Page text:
47 murdered in Cape Town’s deadliest weekend since SANDF’s arrival

CAPE TOWN, SOUTH AFRICA – MAY 21: SANDF members patrol the streets of Manenberg on May 21, 2015 in Cape Town, South Africa. (Photo by Gallo Images / The Times / Esa Alexander)

CAPE TOWN, SOUTH AFRICA – MAY 21: SANDF members patrol the streets of Manenberg on May 21, 2015 in Cape Town, South Africa. (Photo by Gallo Images / The Times / Esa Alexander)

Three weekends ago, there were 25 murders recorded and 46 two weekends ago.

Cape Town saw its deadliest weekend since the SA National Defence Force’s (SANDF) deployment in crime hotspots last month, according to province’s forensic statistics.

Premier Alan Winde said on Monday that 47 murders were recorded by forensic services in the metro – with 27 shootings, 13 stabbings and seven murders by other means.

Last weekend, 41 murders were recorded, with knives and sharp instruments overtaking guns as the weapon of choice.

This had been a decrease from 46 murders two weekends ago. However, three weekends ago there had been fewer murders (25) recorded.

The army has been deployed from July 18 to September 16 this year.

Among the latest to be killed was a mother from Kuils River, who was allegedly stabbed to death by her 14-year-old son, and a 29-year-old taxi driver who was shot in the face multiple times.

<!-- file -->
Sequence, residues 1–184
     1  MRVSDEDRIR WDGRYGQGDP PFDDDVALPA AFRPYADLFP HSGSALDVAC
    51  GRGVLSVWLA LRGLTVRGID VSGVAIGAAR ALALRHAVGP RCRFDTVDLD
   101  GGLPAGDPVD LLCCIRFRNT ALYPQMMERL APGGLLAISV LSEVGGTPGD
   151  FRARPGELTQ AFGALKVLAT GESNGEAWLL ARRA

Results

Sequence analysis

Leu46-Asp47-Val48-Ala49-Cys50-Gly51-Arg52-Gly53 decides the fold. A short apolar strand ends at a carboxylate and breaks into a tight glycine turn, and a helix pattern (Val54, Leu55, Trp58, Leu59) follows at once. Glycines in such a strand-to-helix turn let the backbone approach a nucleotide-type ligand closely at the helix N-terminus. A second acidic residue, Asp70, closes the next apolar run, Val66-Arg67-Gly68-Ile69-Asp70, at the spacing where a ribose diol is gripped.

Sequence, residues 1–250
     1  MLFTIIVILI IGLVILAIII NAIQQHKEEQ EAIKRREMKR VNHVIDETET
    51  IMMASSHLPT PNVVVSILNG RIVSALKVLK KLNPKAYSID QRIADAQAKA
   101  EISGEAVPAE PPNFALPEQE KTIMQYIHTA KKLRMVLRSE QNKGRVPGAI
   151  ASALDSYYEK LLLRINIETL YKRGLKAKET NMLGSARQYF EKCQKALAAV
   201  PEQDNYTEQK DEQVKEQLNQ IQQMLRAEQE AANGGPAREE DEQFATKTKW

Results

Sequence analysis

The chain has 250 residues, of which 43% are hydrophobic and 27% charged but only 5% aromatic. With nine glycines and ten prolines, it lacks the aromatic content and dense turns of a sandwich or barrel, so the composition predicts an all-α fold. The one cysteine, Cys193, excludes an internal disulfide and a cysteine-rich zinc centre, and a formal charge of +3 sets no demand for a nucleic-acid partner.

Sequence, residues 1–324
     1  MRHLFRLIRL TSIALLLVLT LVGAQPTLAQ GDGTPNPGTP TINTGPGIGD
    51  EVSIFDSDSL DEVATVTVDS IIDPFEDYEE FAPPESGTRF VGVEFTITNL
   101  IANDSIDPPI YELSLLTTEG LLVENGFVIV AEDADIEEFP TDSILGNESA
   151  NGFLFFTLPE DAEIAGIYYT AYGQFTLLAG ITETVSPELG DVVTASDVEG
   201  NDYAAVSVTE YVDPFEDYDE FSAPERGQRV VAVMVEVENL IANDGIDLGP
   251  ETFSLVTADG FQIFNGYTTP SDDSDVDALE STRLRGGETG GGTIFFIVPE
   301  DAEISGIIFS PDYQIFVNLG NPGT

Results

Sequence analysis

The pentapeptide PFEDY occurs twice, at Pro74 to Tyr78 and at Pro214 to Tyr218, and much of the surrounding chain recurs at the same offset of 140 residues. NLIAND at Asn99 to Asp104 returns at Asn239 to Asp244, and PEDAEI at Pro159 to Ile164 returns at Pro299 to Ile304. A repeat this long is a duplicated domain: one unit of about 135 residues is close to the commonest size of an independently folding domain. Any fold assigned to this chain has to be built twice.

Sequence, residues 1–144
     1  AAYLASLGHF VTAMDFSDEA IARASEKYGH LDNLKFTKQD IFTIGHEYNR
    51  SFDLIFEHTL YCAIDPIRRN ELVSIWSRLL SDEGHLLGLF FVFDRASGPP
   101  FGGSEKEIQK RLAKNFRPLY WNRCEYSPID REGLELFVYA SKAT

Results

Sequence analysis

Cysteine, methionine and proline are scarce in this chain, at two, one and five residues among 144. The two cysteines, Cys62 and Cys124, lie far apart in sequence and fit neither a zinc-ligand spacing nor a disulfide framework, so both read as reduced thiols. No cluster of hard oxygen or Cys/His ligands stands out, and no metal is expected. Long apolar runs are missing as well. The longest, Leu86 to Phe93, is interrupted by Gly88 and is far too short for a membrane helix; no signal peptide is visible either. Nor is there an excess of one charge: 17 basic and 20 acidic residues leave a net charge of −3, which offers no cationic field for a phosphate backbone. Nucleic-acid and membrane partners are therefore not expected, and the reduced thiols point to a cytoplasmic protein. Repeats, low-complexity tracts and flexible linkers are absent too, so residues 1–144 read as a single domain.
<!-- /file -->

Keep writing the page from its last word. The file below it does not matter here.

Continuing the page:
Winde said that, in addition to these weekend deaths, the City also saw the tragic shooting of heavily pregnant mom Sadiqah Newman and the discovery of murdered horse rider Meghan Cremer’s body on Thursday.

“Both of these young women had their lives cut short by senseless violence. We need to put a stop to this,” said Winde.

“We welcome the fact that police made swift arrests in both of these cases and hope that the criminal justice system will do its work to ensure that those responsible for these deaths are removed from society and unable to hurt more people.”

Winde said they would be writing to police management to ask for a full report back on the role and effectiveness of the SANDF since their deployment, as well as the police’s plan to fight crime going forward.

He believed most police officers in the province were committed, but needed adequate tools and resources to be effective.

“Violence like we’ve seen over the past weekend impacts the whole province and all areas of government. We have seen the strain that violence is placing on our health system, with massive increases in gunshot injuries resulting in other surgeries which are not life-threatening being pushed back.”

Winde called on everyone to play their part in making the province safer, for example by joining a neighbourhood watch or helping organisations such as the Pink Ladies or Rape Crisis.

“As the provincial leadership, we will continue to fight for more police resources through our Intergovernmental Dispute, while providing additional support where possible… We have also offered to make R5m in funds available to SAPS to help improve crimefighting in this province.”

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